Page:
Cecropia Moths

What insects can you possibly find outside in November? When most leaves have fallen, I suggest searching for cocoons! Many small moths spin their cocoons underground, hidden from sight.

What insects can you possibly find outside in November? When most leaves have fallen, I suggest searching for cocoons!

Many small moths spin their cocoons underground, hidden from sight. However, members of the giant silk moth family—Saturniidae—attach cocoons to branches above the ground. Cecropia is the largest moth species, constructing a brown pod resembling a dead leaf cluster. Pointed at both ends, the five-inch-long cocoon feels like wrinkled paper. The cocoon remains intact from autumn until the following spring in a suspended growth state called diapause.

How did the cecropia get to this stage of its life?

Longer daylight in May triggered the pupa inside the cocoon to change into an adult insect. A valve at the top of the outer layer and a second valve on the denser inner layer allowed the crumbled adult to safely exit, usually mid-morning. The moth slowly inflated its six-inch wingspan, showing the brown, beige, and orange design with four crescent-shaped spots. Orange hairs cover the body. The nocturnal adults live for about two weeks and do not feed.

Focused only on breeding, moths find each other by smell rather than sight. A female emits her pheromone of microscopic airborne scent particles, luring males from up to a mile away. A male’s feather-like antennae pick up the scent. The female can be recognized by her less-bushy antennae and well-rounded abdomen.

Females lay two to six eggs in rows on both sides of leaves. Host trees include maple, box elder, cherry, apple, birch, or dogwood. Eggs hatch within 14 days.

Young caterpillars grow through five colorful larval stages called instars over 60 summer days. First instars are black and bristly. Second instars turn orange with rows of black spots and bristles. Third instars become bright green with red, yellow, and blue tubercles and rows of black dots. Fourth instars change to bluish-green and lose the dots. Fifth instars grow to four inches long, and their droppings (frass) come out in star-shaped cylinders rather than rounded balls!

After purging its gut, the caterpillar stops eating. It begins spinning white silk from the abdomen. Days later the cocoon’s fibers darken, hiding the metamorphosis from larva to pupa. The pupa rests for eight months—wrapped in a silk blanket.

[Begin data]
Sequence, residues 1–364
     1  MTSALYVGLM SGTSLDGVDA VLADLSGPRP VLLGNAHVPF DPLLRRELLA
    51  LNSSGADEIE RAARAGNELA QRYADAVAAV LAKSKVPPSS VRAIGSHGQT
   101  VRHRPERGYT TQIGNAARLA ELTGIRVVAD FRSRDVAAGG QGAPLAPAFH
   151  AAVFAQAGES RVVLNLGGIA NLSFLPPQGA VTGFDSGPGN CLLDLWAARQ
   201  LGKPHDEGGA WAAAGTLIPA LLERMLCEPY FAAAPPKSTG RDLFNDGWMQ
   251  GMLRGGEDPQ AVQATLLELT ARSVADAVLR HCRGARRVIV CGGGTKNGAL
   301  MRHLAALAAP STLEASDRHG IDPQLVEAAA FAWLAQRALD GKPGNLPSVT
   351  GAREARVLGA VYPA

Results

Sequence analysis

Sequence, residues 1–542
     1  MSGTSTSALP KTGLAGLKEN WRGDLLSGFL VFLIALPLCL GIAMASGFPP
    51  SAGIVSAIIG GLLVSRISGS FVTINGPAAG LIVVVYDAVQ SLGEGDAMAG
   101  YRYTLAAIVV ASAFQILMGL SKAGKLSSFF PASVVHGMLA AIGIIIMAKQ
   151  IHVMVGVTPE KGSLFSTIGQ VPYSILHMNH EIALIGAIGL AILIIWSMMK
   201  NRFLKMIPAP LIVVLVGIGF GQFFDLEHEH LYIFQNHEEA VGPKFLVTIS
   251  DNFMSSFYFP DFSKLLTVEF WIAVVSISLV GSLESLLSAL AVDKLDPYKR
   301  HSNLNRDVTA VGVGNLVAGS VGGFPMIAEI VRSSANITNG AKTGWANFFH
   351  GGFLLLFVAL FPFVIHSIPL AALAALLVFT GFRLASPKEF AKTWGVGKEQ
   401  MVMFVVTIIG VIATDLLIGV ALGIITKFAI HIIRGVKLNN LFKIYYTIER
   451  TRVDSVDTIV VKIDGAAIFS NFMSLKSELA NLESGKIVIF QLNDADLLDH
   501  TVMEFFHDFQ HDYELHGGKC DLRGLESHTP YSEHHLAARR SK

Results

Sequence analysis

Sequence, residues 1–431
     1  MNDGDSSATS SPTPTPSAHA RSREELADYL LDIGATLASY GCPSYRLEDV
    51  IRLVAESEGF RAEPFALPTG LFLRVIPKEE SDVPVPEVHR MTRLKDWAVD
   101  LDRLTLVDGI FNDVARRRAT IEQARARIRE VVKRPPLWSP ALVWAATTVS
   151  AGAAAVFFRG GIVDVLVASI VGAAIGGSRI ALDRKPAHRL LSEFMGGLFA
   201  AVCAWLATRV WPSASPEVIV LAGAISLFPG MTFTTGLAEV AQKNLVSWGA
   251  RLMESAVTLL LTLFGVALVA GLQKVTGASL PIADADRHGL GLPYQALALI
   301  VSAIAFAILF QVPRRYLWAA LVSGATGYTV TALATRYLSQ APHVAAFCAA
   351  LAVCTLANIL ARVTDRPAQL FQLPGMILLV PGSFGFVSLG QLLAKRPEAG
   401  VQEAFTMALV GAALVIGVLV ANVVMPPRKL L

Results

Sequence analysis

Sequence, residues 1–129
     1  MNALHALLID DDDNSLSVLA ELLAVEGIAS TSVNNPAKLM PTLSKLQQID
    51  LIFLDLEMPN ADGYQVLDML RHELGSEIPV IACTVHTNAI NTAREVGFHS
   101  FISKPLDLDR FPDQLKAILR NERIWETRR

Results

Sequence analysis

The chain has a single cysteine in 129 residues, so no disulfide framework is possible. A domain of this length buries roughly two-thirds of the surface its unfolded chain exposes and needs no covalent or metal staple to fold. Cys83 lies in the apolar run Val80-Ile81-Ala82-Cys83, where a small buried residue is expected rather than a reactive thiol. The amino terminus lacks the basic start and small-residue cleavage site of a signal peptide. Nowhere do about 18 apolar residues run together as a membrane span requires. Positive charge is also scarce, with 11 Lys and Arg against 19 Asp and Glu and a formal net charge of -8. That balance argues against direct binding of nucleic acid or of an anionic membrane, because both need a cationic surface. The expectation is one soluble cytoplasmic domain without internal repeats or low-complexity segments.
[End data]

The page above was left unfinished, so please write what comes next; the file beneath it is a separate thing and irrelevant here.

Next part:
Discover the majesty of the cecropia moth

The royal treatment. The Saturniidae family was named for the Roman god Saturn because these large colorful moths seemed to be the royalty among their mostly drab moth relatives. The cecropia moth, Hyalophora cecropia, is named for King Cecrops, the first king of Athens who was half human and half snake.

In and out of hiding. Cecropia moths live throughout North America, from Canada to Florida and from the Atlantic Coast toward the Rocky Mountains. Observing this common species can be difficult because they fly only at night, although like other insects attracted to lights, you may see them flying near a porch light. The caterpillars are also challenging to find (in spite of their colorful patterns) because they hide under leaves during the day and feed mostly at night.

Facing foes. Human threats faced by the giant silk moths come from pesticide applications, loss of habitat, and urban lights. Natural predators of cocoons include squirrels, mice, and shrews. Many birds prey on the caterpillars, feeding them to their nestlings. Parasitoid wasps lay their eggs on the caterpillars, which hatch and live inside them.

Protected in silk. If you see unusual bumps on twigs or thick spots between forked branches, you may have found a cocoon. Overwintering cocoons naturally adapt to normal moisture and cold temperatures. They survive even the most severe Michigan winters, wrapped in their silk encasements.

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